Back in 2007 there was a sign that most mere mortals failed to recognize or understand as they stood in the path of peril.
A messenger delivered such a sign some seven years earlier, as well, and did so again last month.
The messenger was old, perhaps as old as the universe itself and his words and actions did foretell of the dangers that awaited, yet they were not appreciated as such, not even by the messenger, who may also have served as the executioner.
The proposed acquisitions of Chris-Craft and Dow Jones, in 2000 and 2007, respectively, were among the signs of market tops preceding terrible plunges that each saw the sacrifice of a generation of investors, some of whom are still said to be hiding as they await some sign of safety to begin investing once again.
The re-appearance of the messenger should give them some pause before considering a return to the action.
However, in a strange kind of way the “all safe” sign may have been delivered this week, as Rupert Murdoch, whose timing with his large previous acquisitions has been exquisite in its accuracy for coinciding with market tops has now sent a counter sign.
Barely a month ago, for those believing in the power of Murdoch, it was ominous that he would have proposed a buy out of Time Warner (TWX), but this week that offer was revoked, perhaps offering a respite to investors fearing another plunge from what may be destined to be a market top.
While many are speculating as to the reason for Murdoch’s change of heart, could it be that he has come to the realization that his offering price was just too high and that history, which has a habit of repeating itself, was poised to do so again?
Probably not, as once you get the taste, it’s all about the hunt and it shouldn’t come as a surprise if Murdoch either regroups, as the world appreciates that Time Warner’s share value is far less without Murdoch’s pursuit or as he seeks a new target.
As far as the revocation of the offer being a counter sign, this past week didn’t seem to receive it as such, as market weakness from last week continued amidst a barrage of international events.
But Murdoch wasn’t alone this week in perhaps having some remorse. Sprint (S), which never really made an overt bid for T-Mobile (TMUS), did however, overtly withdraw itself from that fray, just as T-Mobile was thumbing its nose at the French telecommunications company, Illiad’s (ILD) bid.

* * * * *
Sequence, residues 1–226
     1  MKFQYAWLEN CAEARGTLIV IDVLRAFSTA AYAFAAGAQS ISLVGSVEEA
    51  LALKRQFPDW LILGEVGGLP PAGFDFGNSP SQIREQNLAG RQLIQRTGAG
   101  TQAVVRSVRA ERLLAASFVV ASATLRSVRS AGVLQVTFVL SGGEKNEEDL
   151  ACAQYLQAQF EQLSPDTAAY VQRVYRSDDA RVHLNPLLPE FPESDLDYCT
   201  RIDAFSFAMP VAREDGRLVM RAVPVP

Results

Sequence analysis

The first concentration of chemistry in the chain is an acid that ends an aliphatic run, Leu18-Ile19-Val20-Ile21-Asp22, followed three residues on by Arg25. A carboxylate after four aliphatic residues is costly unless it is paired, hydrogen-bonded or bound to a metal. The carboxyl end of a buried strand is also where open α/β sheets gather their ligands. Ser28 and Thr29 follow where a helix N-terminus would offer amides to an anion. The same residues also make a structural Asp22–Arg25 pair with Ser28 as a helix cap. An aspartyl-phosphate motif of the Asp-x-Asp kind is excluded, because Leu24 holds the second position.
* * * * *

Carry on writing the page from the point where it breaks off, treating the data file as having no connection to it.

Walgreen (WAG) may have had a double dose of remorse this week as it announced that it would buy the remainder of a British drug store chain but would not be considering doing a tax inversion. They may have first regretted the speculation that they would be doing so as they undoubtedly received considerable political pressure to not move its headquarters. Seeing its shares plunge on that news may have been additional cause for remorse.
While Murdoch may have significant personal wealth tied to the fortunes of his company and may have a very vested interest in those shares prospering, that may not always be the case, as for some, it may be very easy to spend “other people’s money” in pursuit of the target and be immune to feelings of remorse.
But it’s a different story when it’s your own money in question. “Investor’s Remorse” can have applicability in both the micro and macro sense. We have all made a stock purchase that we’ve come to regret. However, in the larger sense, the remorse that may have been felt in 2000 and 2007 as Murdoch flexed his muscles was related to the agony of having remained fully invested in the belief that the market could only go higher.
When we see the potential signs of an apocalypse, such as increasing buyout offers and increasing numbers of initial public offerings while the market is hitting new highs, one has to wonder whether remorse will be the inevitable outcome. An Italian recession and the German stock exchange in correction may add to concerns.
Philosophically, my preference has long been to miss an upward climb to some degree by virtue of not being fully invested, rather than to be fully engaged during a market decline.
A drop of 10% seems like a lot, but it will seem even more when you realize that you must gain 11% just to once again reach your baseline. Having been that route I believe it’s much easier to drop 10% than it is to gain 11%. Just ask anyone who now own stocks that may have suddenly found themselves officially in “correction territory.”
As I get older I have less and less time and less appetite for remorse. I would assume that Rupert Murdoch feels the same, but he may also have a sense of immunity coupled with the secret for immortality, neither of which I enjoy.
As usual, the week’s potential stock selections are classified as being in Traditional, Double Dip Dividend, Momentum or “PEE” categories.
This week’s selections include a number of recent targets and perhaps sources of remorse that may now find themselves better suited for those spending their own money, rather than that of other people.
Time Warner shareholders have been on a rollercoaster ride over the past three weeks as they saw a plunge on the same order as an initial surge in that time span. They may be experiencing some remorse for their leadership not being willing to consider Murdoch’s overture. The revocation of the offer, beautifully timed to dampen the good news of Time Warner’s earnings perhaps helped to limit any upside gains from earnings and adding to the feeling that Murdoch was the key to attaining “fair value,” even if that fair value may now no longer represent a premium to the initial bid.
However, with shares now back to their pre-offer level, which admittedly was at the then high for the year, the option premiums are quite high, reflecting the potential for more action. The challenge is knowing in which direction.
In the case of T-Mobile, it was a whirlwind week seeing an offer from abroad which wasn’t taken very seriously by anyone and then seeing the presumptive acquirer drop out of the game.
It’s hard to say who if anyone would have had any remorse, certainly not its out front CEO, John Legere, but no doubt shareholders experienced some, as shares plummeted in the belief that suitors were dropping like flies.